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Tesla research partnership progresses on new battery chemistry

Enlarge / Here’s what the lithium deposited at the anode looks like under a scanning electron microscope. Full charge in top row, depleted charge in bottom row. (credit: Louli et al./Nature Energy)

Electric vehicles have come a long way in terms of going a long way on a charge. But everyone is still seeking the next big jump in battery technology—a battery with significantly higher energy density would mean more range or lower costs to hit the current range. There is always some room for incremental progress on current lithium-ion battery technology, but there is a lithium holy grail that has remained out of reach for decades: ditching its graphite anode to shrink the cell.

A lithium metal battery would simply use solid lithium as the anode instead of requiring a graphite framework for lithium atoms to tuck into as the battery charges. The problem is that the lithium doesn’t form an order surface during recharging, so the battery capacity drops drastically—declining to 80 percent within 20 charge cycles in some configurations. Rogue lithium also tends to build up dangerous, branching, needle-like structures that can pierce the separator between the anode and cathode and short-circuit the cell.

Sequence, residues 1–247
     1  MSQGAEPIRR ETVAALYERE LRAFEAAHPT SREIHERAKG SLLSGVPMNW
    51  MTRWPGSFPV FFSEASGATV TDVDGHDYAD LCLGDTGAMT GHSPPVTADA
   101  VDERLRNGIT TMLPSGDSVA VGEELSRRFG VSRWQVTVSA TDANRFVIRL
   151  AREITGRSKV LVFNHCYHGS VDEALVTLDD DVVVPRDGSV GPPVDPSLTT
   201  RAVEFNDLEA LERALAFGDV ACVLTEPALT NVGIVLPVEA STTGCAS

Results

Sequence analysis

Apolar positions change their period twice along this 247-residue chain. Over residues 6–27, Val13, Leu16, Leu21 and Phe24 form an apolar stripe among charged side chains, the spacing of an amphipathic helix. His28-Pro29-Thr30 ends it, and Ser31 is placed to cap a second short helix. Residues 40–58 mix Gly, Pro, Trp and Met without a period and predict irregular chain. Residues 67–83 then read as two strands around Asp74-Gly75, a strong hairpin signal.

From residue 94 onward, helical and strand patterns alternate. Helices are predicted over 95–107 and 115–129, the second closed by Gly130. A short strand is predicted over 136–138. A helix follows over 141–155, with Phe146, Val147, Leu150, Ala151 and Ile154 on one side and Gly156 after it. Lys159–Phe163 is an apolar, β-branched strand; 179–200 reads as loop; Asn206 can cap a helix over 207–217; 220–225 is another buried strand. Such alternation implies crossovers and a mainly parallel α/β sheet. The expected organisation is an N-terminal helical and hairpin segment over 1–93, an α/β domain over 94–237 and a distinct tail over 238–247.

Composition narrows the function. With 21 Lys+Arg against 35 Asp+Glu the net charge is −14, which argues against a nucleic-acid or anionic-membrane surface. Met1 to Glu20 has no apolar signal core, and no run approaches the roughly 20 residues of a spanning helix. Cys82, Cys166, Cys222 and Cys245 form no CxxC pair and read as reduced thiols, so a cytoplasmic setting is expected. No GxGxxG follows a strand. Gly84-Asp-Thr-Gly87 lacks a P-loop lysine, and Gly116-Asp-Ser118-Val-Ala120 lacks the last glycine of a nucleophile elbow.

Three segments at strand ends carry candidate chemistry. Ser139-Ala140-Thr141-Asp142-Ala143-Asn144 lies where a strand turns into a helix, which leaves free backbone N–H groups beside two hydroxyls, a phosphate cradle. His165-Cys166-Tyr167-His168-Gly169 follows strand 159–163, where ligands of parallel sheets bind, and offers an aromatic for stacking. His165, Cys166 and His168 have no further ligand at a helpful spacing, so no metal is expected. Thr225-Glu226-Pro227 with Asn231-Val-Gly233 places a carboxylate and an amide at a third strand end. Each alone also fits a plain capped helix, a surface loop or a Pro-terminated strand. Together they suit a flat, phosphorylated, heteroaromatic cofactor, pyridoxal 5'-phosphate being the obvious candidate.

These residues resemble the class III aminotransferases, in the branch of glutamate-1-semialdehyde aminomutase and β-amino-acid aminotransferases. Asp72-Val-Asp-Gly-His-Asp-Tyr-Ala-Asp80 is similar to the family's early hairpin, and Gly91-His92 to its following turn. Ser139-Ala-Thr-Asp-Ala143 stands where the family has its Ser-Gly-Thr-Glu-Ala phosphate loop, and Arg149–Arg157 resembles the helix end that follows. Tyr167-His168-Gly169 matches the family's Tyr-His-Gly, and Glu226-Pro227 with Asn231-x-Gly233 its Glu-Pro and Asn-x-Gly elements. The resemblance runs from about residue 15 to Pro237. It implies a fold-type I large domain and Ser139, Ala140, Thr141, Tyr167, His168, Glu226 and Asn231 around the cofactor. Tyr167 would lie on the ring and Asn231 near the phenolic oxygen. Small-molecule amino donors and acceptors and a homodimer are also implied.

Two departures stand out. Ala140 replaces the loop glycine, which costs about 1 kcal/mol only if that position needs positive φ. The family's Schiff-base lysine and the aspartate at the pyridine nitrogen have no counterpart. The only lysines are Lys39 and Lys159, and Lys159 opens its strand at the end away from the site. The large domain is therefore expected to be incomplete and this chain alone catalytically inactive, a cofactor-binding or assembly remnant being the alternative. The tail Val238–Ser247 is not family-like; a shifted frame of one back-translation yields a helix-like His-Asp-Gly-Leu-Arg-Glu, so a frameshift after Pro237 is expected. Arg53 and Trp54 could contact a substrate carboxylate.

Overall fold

Last year, a Dalhousie University lab group with ties to Tesla developed a lithium metal battery with somewhat better performance. Lithium atoms electroplate onto a copper electrode as the battery charges and then move back into a conventional lithium-nickel-manganese-cobalt cathode as charge depletes. Through a new electrolyte, they were able to get this battery to last about 90 cycles before hitting 80 percent capacity to control the nasty short-circuit problem.

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